Epidemiology of distal humerus fractures in the elderly

Orthop Traumatol Surg Res. 2013 Nov;99(7):765-9. doi: 10.1016/j.otsr.2013.08.002. Epub 2013 Sep 26.


Introduction: Despite recent treatment advances, management of distal humerus fractures in the elderly remains one of the most challenging aspects of trauma surgery. Although these fractures are relatively rare, they fall under the umbrella of osteoporotic fractures, which themselves are increasing in frequency.

Material and methods: Two studies were performed: one retrospective study of 410 patients over a 10-year period and one prospective study of 87 patients over a 1.5-year period. This allowed us to analyse the epidemiology of distal humerus fractures in subjects above 64years of age in 19 different French hospitals. All of the included patients were reviewed, except for one subject in the retrospective study who had died, but whose data was still used.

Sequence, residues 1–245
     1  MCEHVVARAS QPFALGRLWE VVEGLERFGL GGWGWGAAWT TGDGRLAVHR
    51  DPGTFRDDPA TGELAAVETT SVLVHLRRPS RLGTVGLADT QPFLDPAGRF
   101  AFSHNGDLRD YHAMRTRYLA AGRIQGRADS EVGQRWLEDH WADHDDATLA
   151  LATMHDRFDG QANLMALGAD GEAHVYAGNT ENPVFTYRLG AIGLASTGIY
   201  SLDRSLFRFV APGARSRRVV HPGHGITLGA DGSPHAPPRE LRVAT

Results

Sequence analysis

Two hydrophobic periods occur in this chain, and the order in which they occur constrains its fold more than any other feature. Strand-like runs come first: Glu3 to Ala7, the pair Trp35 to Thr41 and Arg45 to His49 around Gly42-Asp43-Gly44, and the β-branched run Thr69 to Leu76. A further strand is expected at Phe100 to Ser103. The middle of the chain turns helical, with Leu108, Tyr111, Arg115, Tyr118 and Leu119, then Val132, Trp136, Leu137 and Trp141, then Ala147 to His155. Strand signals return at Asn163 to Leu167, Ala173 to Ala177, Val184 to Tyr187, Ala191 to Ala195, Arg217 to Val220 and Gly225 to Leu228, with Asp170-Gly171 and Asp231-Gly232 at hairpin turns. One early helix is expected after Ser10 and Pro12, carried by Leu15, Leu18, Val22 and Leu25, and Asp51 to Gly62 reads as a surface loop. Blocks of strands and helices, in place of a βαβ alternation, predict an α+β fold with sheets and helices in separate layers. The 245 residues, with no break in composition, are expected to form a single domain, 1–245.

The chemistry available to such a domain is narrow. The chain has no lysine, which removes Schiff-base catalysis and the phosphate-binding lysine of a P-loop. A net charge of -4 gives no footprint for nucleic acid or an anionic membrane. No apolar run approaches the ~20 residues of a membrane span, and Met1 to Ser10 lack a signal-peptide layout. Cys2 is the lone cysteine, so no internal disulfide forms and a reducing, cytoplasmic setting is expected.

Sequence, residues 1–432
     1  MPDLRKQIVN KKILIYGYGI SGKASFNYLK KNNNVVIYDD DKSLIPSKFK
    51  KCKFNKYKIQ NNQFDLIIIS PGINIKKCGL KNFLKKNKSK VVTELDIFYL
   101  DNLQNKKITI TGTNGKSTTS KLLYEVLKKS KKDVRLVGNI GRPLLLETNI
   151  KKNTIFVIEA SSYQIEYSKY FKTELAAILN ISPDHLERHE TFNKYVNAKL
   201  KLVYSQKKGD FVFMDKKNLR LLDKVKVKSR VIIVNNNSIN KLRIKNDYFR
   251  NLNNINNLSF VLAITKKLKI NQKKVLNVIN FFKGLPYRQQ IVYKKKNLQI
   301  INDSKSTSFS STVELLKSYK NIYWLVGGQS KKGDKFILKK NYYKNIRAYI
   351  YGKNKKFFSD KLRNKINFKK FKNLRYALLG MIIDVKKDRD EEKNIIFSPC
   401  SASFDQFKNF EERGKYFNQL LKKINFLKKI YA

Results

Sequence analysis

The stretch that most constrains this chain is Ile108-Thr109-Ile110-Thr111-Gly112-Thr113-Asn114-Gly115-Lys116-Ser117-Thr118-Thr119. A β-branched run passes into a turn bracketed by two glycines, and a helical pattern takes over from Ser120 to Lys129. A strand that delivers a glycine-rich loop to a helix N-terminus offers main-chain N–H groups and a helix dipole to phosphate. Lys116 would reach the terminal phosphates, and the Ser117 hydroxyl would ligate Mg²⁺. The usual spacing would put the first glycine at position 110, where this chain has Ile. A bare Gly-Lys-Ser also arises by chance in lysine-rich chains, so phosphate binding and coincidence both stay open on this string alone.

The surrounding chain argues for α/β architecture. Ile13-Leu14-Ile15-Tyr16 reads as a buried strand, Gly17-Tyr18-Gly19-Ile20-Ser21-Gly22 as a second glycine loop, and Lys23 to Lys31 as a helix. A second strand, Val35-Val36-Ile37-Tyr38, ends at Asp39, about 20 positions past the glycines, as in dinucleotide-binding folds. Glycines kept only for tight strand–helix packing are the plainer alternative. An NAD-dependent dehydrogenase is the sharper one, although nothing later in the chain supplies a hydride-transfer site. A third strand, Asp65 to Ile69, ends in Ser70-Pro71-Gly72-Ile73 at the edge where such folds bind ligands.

Results: Most of the fractures were AO type C, occurred in women in more than 80%, and occurred in nearly one of two persons above 80 years of age. Most of the patients had a high level of autonomy and lived at home. Unlike other upper limb fracture sites, nearly 90% of patients required surgical treatment. The presence of osteoporosis was found to have a tremendous impact on fracture care, complications and results.

Conclusion: Functional status is more important than chronological age in this patient population; the former must be taken into account when determining treatment indications.

Level of evidence: Level IV.

Keywords: Elderly patient; Epidemiology; Humeral distal fracture; Osteoporosis.

Publication types

  • Multicenter Study

MeSH terms

  • Age Distribution
  • Age Factors
  • Aged
  • Aged, 80 and over
  • Female
  • Follow-Up Studies
  • Fracture Fixation
  • France / epidemiology
  • Humans
  • Humeral Fractures / epidemiology*
  • Humeral Fractures / surgery
  • Incidence
  • Male
  • Middle Aged
  • Osteoporotic Fractures / epidemiology*
  • Osteoporotic Fractures / surgery
  • Prospective Studies
  • Retrospective Studies